KGUN 9News


VIRAL VIDEO: "My daughter also has rights."

Posted at 11:13 AM, May 17, 2016

COCHISE, Ariz. (KGUN9-TV) - "It's not hate, it's not discrimination, it's common sense."

That's what Pastor Danny Thompson wrote in a Facebook post about President Obama's decision to instruct public schools to allow transgender students to use the bathroom that matches their identity.

The pastor posted the video at the end of last week. On Sunday night it had 50,000 views on his Facebook page, by Tuesday night it had more than 14 million. Thompson is a pastor at Wynne Chapel in Cochise, Ariz.

"My daughter also has rights. Your sons and daughters also have rights," he continued to write.

In his video he stands outside a boys restroom and a girls restroom.

"What about my daughter's rights, and what about the rights of every other girl that goes in here. What about their rights to modesty, decency," said Thompson.

KGUN9 spoke to Thompson in person on Tuesday. He says he has nothing against the transgender community. In his video he says he would be ok if schools chose to create a separate bathroom for trans students. His concern with the federal decision regarding bathrooms is abuse of the system.

"It's not the 12th graders, it's not the transgender, my issues is not against the transgender people using the bathroom. My issue is against boys using girls bathrooms, boys exploiting it, or girls exploiting it," he said.

"Older boys who are in junior high, going into the bathroom during the basketball game or during the volleyball games, changing, goofing around, being boys in front of the 5th grade girls," he added.

Thompson hopes the millions of views on his video will help spark a conversation. He says in the past few days many people who agree and disagree with him and have reached out and he has had productive discussions with them. While there has been some hate mail he does not pay attention to it.

April Moss is president of Tucson Pride, the oldest LGBT group in Tucson. Nine On Your Side showed her the video.

"We need to go back to education. We need to stop the hate and stop the bullying," said Moss.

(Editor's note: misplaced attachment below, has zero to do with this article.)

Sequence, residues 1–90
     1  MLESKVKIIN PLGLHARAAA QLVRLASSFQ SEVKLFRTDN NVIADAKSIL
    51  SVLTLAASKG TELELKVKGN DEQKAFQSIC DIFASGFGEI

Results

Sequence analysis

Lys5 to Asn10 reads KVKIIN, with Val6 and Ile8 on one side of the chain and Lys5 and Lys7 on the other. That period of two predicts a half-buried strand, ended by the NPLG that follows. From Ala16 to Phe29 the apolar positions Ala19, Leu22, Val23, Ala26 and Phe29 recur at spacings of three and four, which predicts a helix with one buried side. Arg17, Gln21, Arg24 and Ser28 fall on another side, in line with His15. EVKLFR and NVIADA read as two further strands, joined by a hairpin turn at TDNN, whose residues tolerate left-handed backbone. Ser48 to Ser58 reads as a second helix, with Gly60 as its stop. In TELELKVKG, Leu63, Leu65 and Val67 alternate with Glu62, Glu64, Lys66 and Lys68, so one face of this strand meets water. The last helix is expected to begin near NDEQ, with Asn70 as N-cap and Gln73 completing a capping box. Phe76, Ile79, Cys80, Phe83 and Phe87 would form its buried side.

She says allowing kids to use the bathroom they identify with fosters inclusion, transgender kids do not want to feel singled out.

"The last thing you want to do is turn them on a path of self destruction," Moss said.

In an email statement, Associate Director of LGBTQ Initiatives at the Southern Arizona AIDS Foundation, Adam Ragan, said this:

"We here at SAAF think it’s great we have a president and Justice Department willing to stand up and fight for all of our kids. There is a vocal minority who continue to spread hate and lies. Who gets hurt in this? The 12 and 13 year-old kid at school who hears grownups saying such hateful things.  And to have a representative of the faith community try to divide the community is unconscionable. The Pastor speaks to catering to the LGBT community: we aren’t asking to be catered to. Kids have a right to use the bathroom that corresponds to their identity. Period. It’s not controversial. It’s commonsense."

Arizona schools superintended Diane Douglas spoke against the Obama Administration's decision last week. In a statement she said the following:

"This directive is yet another example of federal overreach negatively impacting our state’s schools. Every local community across Arizona is unique, and I know that the people who live in those communities should be making the decisions when it comes to this and many other education issues."

Tucson Unified School District, the area's largest district, tells KGUN9 that they handle instances involving transgender students on a case-by-case basis.